Polina Pine, Yuval Yaish and Joan Adler

Carbon nanotubes are long thin tubes made from rolled up single sheets
of

graphene. Nanotube resonators have already reached the mass
sensitivity

required to measure the mass of single molecules, but in
order to detect

smaller (atomic) masses these devices must be further
optimized. For this,

a deep understanding of their operational mechanism
is required, but simple

analytic models and previous simulations have
internal contradictions

leading to questions such as whether the Young's
modulus of nanotubes is a

well defined concept.

We have made
careful, extensive, atomistic Molecular Dynamics simulations

[1] of
nanotubes using the Brenner potential. The nanotube vibrations were

recorded at selected points and decomposed into vibrational modes using a

Fourier Transform technique. The nanotubes were first slowly thermalized to

300 degrees K with periodic boundary conditions then clamped to retain
its

at the mean length. Different lengths and radii were studied and
we

developed protocols for dealing with the large quantity of data
generated.

(Each nanotube is allowed to vibrate 1000 times more than the
period of its

lowest frequency and we use a timestep of 0.5fm).

The simulations provide clear evidence for the failure of simplistic

analytic models to accurately extract resonance frequencies as a function

of the ratio between the tube's radius and length as the latter increases.

Our results agree with the Timoshenko beam model (which includes the effect

of both rotary inertia and of shearing deformation) and partially resolve

Yakobson's paradox concerning the Young's modulus, and provide an upper

cutoff estimate for the effective wall thickness. We have further [2] made

a comparison of the vibrational behavior of different types of nanotubes:

zigzag, armchair and two chiral types. This gives the surprising result

that nanotube structure/chirality does not affect the vibrational

frequencies under double clamping conditions. In the laboratory, nanotubes

are not fully clamped as in models and some simulations. Only atomistic

simulations can truly model partial clamping. Our latest simulations with

partial clamping [3] show that under such conditions the degeneracy lifts

and we can propose which type of nanotube would be the best candidate
to

progress towards weighing single atoms.

[1] P.
Pine, Y. Yaish and J. Adler, ``Simulational and vibrational

analysis of
thermal oscillations of single-walled carbon nanotubes'', Phys. Rev. B (2011) 83
155410.

[2] P. Pine, Y. Yaish and J. Adler, ``Thermal oscillations
of structurally

distinct nanotubes'', Phys. Rev. B (2011)84, 245409.

[3]
P. Pine, Y. Yaish and J. Adler, ``The affect of boundary conditions on

the vibrations ofarmchair, zigzag and chiral single walled carbon
nanotubes×’'', JAP, in proof

David Mazvovsky and Joan Adler

In recent years it has been observed that the classic folding model for single walled nanotubes by Dresselhaus and Dresselhaus fails to predict the correct radii for a given chiral vector. Simple molecular dynamics and ab initio calculations as well as physical measurements have discovered discrepancies with the current model predictions. A new polyhedral folding model has been proposed by Lee, Cox and Hill. In this talk we describe our realization of this model which incorporates the effects due to curvature that are observed in real nanotubes and produces a better approximation for the tube's radii. We developed a cross-platform code that outputs atomic coordinates for a given chiral vector.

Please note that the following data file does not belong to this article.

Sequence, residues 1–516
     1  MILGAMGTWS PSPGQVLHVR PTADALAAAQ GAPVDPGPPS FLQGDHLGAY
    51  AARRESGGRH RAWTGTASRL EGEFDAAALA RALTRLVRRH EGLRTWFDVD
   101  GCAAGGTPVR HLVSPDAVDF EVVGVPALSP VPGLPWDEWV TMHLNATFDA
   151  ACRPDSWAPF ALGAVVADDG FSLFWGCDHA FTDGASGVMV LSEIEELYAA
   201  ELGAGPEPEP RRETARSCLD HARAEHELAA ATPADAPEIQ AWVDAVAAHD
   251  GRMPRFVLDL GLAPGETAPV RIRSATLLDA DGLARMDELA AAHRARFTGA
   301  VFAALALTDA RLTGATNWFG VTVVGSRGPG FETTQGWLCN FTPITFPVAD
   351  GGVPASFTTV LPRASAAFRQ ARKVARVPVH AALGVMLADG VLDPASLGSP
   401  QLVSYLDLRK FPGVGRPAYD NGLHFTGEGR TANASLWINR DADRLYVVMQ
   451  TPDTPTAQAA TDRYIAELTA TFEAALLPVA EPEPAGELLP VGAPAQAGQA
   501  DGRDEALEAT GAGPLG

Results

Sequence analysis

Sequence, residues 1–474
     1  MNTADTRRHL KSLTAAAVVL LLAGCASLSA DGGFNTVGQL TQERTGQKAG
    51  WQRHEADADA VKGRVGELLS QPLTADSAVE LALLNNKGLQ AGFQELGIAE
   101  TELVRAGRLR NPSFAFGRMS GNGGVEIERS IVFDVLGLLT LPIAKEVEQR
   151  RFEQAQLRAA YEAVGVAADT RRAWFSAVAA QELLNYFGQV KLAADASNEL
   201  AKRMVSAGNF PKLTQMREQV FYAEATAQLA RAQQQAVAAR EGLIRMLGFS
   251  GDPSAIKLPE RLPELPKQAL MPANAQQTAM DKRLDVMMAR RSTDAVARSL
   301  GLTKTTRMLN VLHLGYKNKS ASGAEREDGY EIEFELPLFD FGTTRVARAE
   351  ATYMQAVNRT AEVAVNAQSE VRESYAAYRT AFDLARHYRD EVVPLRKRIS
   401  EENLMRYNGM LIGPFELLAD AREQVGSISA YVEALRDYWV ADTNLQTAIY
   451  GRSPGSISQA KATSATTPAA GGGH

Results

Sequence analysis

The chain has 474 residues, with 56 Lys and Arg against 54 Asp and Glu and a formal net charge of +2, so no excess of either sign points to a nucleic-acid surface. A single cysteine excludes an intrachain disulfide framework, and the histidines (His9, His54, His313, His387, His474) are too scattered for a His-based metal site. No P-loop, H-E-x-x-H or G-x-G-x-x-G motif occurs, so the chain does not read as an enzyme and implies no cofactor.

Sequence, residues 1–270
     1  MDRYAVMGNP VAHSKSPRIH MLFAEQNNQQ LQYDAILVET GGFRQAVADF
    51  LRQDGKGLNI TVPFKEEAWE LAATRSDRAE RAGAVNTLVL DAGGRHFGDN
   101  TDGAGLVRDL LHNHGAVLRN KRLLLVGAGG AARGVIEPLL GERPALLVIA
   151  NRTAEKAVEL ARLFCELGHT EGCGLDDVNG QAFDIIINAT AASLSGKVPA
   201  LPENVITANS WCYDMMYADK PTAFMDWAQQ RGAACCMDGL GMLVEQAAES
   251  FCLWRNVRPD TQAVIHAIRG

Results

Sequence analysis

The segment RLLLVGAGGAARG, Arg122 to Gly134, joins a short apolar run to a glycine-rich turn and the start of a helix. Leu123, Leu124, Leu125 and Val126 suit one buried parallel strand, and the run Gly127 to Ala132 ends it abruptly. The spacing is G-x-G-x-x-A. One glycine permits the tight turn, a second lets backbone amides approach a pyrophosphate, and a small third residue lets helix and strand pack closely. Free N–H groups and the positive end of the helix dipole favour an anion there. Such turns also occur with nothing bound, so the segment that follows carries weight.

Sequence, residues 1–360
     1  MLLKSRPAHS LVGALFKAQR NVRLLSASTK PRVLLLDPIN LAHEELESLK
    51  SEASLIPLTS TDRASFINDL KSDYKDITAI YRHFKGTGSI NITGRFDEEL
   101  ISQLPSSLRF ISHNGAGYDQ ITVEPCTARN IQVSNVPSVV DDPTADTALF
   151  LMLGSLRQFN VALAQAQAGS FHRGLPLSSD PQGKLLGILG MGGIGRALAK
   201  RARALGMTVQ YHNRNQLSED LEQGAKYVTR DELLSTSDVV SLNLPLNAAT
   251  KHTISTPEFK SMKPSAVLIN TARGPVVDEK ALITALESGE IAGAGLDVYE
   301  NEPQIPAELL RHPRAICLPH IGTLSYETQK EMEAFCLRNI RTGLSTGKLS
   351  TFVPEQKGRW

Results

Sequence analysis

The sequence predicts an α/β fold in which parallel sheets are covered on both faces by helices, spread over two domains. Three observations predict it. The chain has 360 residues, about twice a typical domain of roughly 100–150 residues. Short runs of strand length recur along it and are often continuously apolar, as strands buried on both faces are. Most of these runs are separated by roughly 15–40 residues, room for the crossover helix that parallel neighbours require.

Alex Kouniavsky, Emil Polturak and Joan Adler

We study elastic properties of copper both in bulk and near surfaces
during

melting. The general melting process is not fully understood to
date; many

aspects of this process remain open. According to the
theoretical model of

melting, we expect that at the melting temperature
the elastic shear modulus,

G', has to vanish. But experiments show
that G' has nonzero values at the

melting temperature. The reason
for the discrepancy is the impossibility of

making shear modulus
measurements for the surface alone. Therefore, the only

way to study
elastic shear modulus behaviour on the surface is by using

simulations.
These allow us to apply shear stress on a limited number of layers

near
the surface only. Since we have to describe processes with time scales of

10^{-9} seconds and even more we cannot implement standard MD
stress-

fluctuation and strain-fluctuation methods of calculation of
elastic constants

which are only suitable for time scales of
10^{-15}-10^{-12}

seconds. Thus we have to use the direct
method for the calculation of the

shear modulus where one applies a
constant stress,and determines the

average strain in the system and then
obtains the elastic constants from the

stress-strain relation. This method
is not widely applied due to the

required multiplicity of
runs, but modern computer clusters, such as the

Technion's NANCO, and
parallelization techniques allow us overcome this

problem.